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```Mathematical Reasoning

A sentence is called a mathematically acceptable statement if it is either true or false but not both.

A sentence is neither imperative nor interrogative nor exclamatory.

A declarative sentence containing variables is an open statement if it becomes a statement when the variables are replaced by some definite values.

A compound statement is a statement which is made up of two or more statements. Each of this statement is termed to be a compound statement.

The compound statements are combined by the word “and” (^) the resulting statement is called a conjunction denoted as p ∧ q.

The compound statement with “And” is true if all its component statements are true.

The following truth table shows the truth values of p ∧ q ( p and q) and q ∧ p ( q and p):

Truth Table (p ∨ q, q ∨ p)

p

q

p ∧ q

q ∧ p

T

T

T

T

T

F

F

F

F

T

F

F

F

F

F

F

Rule: p ∧ q is true only when p and q are true

Compound statements p and q are combined by the connective ‘OR’ (∨) then the compound statement denoted as p ∨ q so formed is called a disjunction.??

Truth Table (p v q, q v p)

p

q

p ∨ q

q ∨ p

T

T

T

T

T

F

T

T

F

T

T

T

F

F

F

F

Rule: p ∨ q is false only when both p and q are false.

The denial of a statement is called the negation of the statement. The truth table for the same is given below:

Truth Table (~p)

p

~p

~ (~p)

T

F

T

F

T

F

Rule: ~ is true only when p is false

Negation is not a binary operation, it is a unary operation i.e. a modifier.

There are three types of implications:

“If ….... then”

“Only if”

“If and only if”

“If …. then” type of compound statement is called conditional statement. The statement ‘if p then q’ is denoted by p → q or by p ⇒ q. p → q also means:

p is sufficient for q

q is necessary for p

p only if q

q if p

q when p

if p then q

Truth table for p → q

Truth Table (p → q, q → p)

p

q

p → q

q → p

T

T

T

T

T

F

F

T

F

T

T

F

F

F

T

T

Rule: p → q is false only when p is true and q is false.

If and only if type of compound statement is called biconditional or equivalence or double conditional. represnted as p ⇔ q or p ↔ q, it means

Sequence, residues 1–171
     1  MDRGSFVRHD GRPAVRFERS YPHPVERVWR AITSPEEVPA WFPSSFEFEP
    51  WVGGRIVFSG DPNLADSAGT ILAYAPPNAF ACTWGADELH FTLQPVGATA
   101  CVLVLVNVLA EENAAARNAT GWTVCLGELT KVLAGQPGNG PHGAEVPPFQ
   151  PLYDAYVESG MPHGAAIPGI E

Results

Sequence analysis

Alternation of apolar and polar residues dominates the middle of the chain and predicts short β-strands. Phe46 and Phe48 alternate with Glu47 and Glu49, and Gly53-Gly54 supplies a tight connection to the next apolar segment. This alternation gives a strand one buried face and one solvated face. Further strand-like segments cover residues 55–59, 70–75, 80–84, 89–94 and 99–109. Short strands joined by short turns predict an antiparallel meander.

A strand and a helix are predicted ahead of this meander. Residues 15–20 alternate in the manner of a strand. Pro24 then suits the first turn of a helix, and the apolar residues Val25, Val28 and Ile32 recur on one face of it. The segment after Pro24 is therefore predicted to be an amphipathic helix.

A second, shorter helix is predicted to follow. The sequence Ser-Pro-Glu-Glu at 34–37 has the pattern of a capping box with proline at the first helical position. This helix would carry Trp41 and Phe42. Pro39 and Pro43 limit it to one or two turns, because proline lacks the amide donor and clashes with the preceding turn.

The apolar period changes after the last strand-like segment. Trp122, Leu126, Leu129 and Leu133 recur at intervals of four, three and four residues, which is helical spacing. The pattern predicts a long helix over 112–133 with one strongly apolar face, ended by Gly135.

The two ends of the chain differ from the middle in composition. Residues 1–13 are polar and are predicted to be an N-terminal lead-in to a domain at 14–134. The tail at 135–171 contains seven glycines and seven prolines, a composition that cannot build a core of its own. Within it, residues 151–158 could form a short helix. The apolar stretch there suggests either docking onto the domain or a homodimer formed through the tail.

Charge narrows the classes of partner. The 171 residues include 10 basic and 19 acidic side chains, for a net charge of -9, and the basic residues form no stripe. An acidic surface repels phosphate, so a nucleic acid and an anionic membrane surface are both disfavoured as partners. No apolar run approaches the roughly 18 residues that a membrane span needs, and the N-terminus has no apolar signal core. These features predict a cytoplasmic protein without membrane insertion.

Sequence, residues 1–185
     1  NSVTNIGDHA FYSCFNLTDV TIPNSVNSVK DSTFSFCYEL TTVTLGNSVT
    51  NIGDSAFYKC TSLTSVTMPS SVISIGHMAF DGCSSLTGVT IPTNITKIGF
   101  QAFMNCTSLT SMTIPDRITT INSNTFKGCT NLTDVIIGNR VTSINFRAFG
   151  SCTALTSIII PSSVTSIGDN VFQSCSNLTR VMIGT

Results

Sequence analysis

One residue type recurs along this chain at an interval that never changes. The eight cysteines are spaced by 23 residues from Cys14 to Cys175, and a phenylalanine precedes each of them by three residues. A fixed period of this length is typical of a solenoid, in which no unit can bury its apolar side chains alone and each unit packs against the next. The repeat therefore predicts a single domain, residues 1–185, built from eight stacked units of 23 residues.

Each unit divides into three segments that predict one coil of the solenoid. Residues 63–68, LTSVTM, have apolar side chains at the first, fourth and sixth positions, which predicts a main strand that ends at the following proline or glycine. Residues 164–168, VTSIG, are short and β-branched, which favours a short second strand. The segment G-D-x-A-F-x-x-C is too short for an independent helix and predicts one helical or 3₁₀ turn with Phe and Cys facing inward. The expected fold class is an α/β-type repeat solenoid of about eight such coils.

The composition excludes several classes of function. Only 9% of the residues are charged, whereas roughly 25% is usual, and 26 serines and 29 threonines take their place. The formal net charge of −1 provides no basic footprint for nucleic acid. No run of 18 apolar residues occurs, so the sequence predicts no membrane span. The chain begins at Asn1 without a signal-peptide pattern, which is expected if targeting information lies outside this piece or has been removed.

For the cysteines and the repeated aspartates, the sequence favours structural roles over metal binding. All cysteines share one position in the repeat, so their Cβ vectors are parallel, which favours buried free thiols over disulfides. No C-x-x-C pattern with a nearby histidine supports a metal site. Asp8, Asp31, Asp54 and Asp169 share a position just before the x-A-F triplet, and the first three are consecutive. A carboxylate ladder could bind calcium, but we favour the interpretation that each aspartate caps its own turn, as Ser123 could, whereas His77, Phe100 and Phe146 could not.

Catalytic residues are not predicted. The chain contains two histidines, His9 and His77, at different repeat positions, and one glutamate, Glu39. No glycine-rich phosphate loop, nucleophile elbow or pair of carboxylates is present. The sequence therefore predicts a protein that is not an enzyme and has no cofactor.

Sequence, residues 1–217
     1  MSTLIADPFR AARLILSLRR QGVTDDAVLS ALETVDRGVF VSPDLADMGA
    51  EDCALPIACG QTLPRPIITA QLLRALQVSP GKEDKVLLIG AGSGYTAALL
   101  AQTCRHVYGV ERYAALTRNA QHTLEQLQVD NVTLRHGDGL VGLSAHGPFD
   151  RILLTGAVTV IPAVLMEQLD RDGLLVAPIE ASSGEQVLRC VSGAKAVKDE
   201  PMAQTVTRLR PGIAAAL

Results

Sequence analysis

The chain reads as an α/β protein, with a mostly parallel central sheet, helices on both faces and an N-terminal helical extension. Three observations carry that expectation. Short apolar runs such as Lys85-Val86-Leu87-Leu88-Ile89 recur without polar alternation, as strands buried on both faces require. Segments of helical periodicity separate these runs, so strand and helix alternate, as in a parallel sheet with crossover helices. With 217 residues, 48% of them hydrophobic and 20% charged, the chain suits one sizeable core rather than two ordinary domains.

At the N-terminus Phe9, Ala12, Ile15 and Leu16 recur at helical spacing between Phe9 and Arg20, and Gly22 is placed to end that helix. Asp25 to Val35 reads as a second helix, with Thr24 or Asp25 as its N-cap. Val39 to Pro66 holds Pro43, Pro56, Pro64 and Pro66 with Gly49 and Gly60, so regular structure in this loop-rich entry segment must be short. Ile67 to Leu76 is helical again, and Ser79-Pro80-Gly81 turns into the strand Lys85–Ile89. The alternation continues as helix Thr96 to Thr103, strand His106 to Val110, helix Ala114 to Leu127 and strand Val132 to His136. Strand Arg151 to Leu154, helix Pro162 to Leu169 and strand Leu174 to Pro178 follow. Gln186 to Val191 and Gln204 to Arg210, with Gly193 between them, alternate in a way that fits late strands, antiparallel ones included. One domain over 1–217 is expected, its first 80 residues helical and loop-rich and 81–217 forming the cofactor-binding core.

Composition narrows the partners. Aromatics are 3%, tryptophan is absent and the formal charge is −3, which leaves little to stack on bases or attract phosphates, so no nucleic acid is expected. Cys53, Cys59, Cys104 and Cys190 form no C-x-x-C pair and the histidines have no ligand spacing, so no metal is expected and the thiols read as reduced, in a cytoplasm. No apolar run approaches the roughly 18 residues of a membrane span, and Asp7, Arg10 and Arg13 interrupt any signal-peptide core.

p is a necessary and sufficient condition for q

q is a necessary and sufficient condition for p

If p then q and if q then p

q if and only if p

Truth table for p ↔ q or q ↔ p

Truth Table (p ↔ q, q ↔ p)

p

q

p ↔ q

q ↔ p

T

T

T

T

T

F

F

F

F

T

F

F

F

F

T

T

Rule: p ↔ q is true only when both p and q have the same truth value.

Contrapositive of p → q is ~ q → ~ p.

Converse of p → q is q → p.

Truth table for p → q

Truth Table (p → q)

p

q

p → q

~q → ~p (Contrapositive)

q ↔ p (Converse)

T

T

T

T

T

T

F

F

F

T

F

T

T

T

F

F

F

T

T

T

The compound statements which are true for any truth value of their components are called tautologies.

Truth table for a tautology ‘p ∨ ~p”?, p being a logical statement

Truth Table (p ∨ ~p)

p

~p

p ∨ ~p

T

F

T

F

T

T

?The negation of tautology is a fallacy or a contradiction. The truth table for ‘p ∧ ~ p” which is fallacy?, p being a logical statement is given below

Truth Table (p ∧ ~p)

p

~p

p ∧ ~p

T

F

F

F

T

F

Important points on tautology and fallacy:

p ∨ q is true iff at least one of p and q is true

p ∧ q is true iff both p and q are true

A tautology is always true

A fallacy is always false.

?Statements satisfy the following laws:

Idempotent Laws: If p is any statement then p ∨ p = p  and p ∧ p = p

Associative Laws: If p, q, r are any three statements, then p ∨ (q ∨ r) = (p ∨ q) ∨ r  and p ∧ (q ∧ r) = (p ∧ q) ∧ r

Commutative Laws: If p, q are any two statements, then p ∨ q = q ∨ p and p ∧ q = q ∧ p

Distributive Laws: If p, q, r are any three statements then p ∧ (q ∨ r) = (p ∧ q) ∨ (p ∧ r) and p ∨ (q ∧ r) = (p ∨ q) ∧ (p ∨ r)

Identity Laws: If p is any statement, t is tautology and c is a contradiction, then p ∨ t = t, p ∧ t = p, p ∨ c = p and p ∧ c = c

Complement Laws: If t is tautology, c is a contradiction and p is any statement then p ∨ (~p) = t, p ∧ (~p) = c, ~t = c and ~c = t

Involution Law: If p is any statement, then ~(~p) = p

De-Morgan’s Law: If p and q are two statements then ~(p ∨ q) = (~p) ∧ (~q) and ~(p ∧ q) = (~p) ∨ (~q)

```

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